Last Saturday I, Mark Curcher and CARDE research group student researchers Ana Paula, Charlotte and David attended a Silver Lining for Learning podcast hosted by Curtis Bonk, Punya Mishra, Yong Zhao and Chris Dede. We had been invited to discuss Digitalization and Datafication of Education. I really enjoyed the conversation and feel that stimulating and important questions were raised during the podcast. Naturally, time is scarce during such an event, so I couldn’t address many of them. In addition, I wanted to give room for others to talk more on their research and work they do in Brazil and Dubai. That said, some of the discussions and questions stayed with me over the weekend and I want to address some of them here.
At some point Chris Dede posed a question “What automated forms of analyzing data about students do you support, if any? How do these approaches avoid the issues you raise about other types of automated data analysis?” I don’t think I gave a really good answer, because the question really opens a whole variety of things and a thorough reply would’ve taken too much time. Still, I want to at least partially try to answer that question here.
First of all, what we have noticed in our research is that language in itself is a powerful technology that sometimes commands instead of invites for a discussion, but more often, restricts and directs what can be discussed and in what terms. In addition, different actors (people, but also objects such as reports) have more power to speak depending on their status. As an example, we have witnessed how an OECD consultant thinking paper, a Microsoft report or an “EdTech enthusiast” blog post that claims “there is a huge potential in datafication/learning analytics/digitalization/ MOOCs/gamification/virtual reality/e-portfolios/LMSs (I presume this is historically accurate chronological order) often yields more power than research – even if research shows that digital technologies do not always (and actually quite rarely) make learning results “better” in themselves.
Furthermore, discussing only about using systems for benefit is discussing inside topical restrictions which exclude important root questions such as why all of a sudden education seems to be “broken” (almost globally) and to be fixed with EdTech, even in Finland with awesome PISA results where the government at the same time claims we have the best teachers in the world? This narrative is already before Covid-19. Of course it has amplified it and promoted the benefits discussion with the idea of access, even if the pandemic has at the same highlighted inequalities and shown that benefits are benefits in a certain context for certain people.
Even before Covid-19, everyone from governments to “the working life” seem to be targeting education as something that needs development or needs to “be brought to the 21st century”. It is also argued that teachers need new skills, but especially training in “attitude” towards accepting and using technology. Also, everywhere seems to be spreading a statement that educational institutions should be more closely connected “to the working life” or “the society” (as if education was ever disconnected from these). Naturally, the proposed solution is technology in its various current forms.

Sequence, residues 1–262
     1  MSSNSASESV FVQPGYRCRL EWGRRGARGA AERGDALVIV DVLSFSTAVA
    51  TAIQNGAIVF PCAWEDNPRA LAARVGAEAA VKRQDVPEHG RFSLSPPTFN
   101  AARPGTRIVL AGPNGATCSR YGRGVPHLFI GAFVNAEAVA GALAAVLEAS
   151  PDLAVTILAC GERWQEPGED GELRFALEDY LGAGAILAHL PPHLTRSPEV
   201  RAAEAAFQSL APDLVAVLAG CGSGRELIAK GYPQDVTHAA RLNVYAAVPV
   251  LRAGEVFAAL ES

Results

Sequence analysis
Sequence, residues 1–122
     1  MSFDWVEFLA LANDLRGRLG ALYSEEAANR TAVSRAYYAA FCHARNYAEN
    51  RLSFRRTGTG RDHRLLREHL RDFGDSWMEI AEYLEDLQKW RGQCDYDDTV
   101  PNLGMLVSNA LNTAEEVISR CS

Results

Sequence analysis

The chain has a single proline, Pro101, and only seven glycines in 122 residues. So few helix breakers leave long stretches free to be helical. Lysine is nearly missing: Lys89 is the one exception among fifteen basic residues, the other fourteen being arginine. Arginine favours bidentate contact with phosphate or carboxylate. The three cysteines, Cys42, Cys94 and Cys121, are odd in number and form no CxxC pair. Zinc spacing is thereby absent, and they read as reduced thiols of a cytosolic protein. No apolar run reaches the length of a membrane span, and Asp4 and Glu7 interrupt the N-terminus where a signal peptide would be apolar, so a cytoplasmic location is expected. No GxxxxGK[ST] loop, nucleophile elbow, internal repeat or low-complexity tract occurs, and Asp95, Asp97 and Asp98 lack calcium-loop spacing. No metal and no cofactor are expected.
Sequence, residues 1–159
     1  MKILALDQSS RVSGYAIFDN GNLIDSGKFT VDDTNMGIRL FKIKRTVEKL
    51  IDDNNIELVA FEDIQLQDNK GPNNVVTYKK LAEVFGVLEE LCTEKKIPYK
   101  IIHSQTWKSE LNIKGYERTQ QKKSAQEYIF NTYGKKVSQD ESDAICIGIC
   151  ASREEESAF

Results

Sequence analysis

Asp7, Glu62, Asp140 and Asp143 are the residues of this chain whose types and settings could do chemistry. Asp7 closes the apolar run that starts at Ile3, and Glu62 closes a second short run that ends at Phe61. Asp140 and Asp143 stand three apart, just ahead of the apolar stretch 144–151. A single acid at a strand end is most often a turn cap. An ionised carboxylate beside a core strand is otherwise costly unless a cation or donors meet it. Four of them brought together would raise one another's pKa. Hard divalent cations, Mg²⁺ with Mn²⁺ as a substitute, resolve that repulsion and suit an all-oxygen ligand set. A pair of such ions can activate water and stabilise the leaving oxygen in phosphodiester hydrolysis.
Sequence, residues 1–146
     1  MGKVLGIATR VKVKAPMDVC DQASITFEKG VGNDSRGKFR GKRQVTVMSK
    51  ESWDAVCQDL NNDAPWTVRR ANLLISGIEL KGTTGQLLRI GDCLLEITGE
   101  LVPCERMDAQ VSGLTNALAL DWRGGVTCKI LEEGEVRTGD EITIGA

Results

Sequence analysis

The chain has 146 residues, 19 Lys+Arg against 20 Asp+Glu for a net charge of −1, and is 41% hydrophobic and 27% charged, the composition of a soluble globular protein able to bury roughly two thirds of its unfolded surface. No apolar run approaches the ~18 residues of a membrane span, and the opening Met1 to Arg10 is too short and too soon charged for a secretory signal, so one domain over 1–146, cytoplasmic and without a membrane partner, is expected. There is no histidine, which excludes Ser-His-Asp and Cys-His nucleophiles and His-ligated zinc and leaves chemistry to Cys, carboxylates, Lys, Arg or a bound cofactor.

There are at least two problems in this narrative, and I say problems because I do not see them as “challenges” as challenges imply something that we can/should try to solve – I actually consider this challenges thinking often as part of the problems. These problems could be summarized as technological “solutionism” and “educationalizing”: in short, the former does not ask the “why” of technology but only the “how” while the latter is using language to move complex societal problems for the educational institutions to solve.
The current discourse with digitalization and datafication of education tells us that technological “solutions” can solve existing, often vaguely described problems in education (which as written, are restricted to education alone). At the same time, the lack of/cutting funding in public education, in addition to other societal problems, go unaddressed.
We have seen this in our research with teachers who have worked 20-30 years in the field. Something shifted in the 90’s and beginning of 2000’s. EdTech has increasingly become an unquestionable end, instead even a means to an end. A current narrative also wants to pose teachers as someone who are somehow against technology, and claim it as the reason preventing adoption of technology in education. Interestingly, all the teachers in our study were actually eager to try and develop technology in various forms in their work. Problems seem to rise when teachers ask questions such as “why this technology” or show they don’t actually work so well in practice. Then they were claimed to be against digitalization or “too critical”.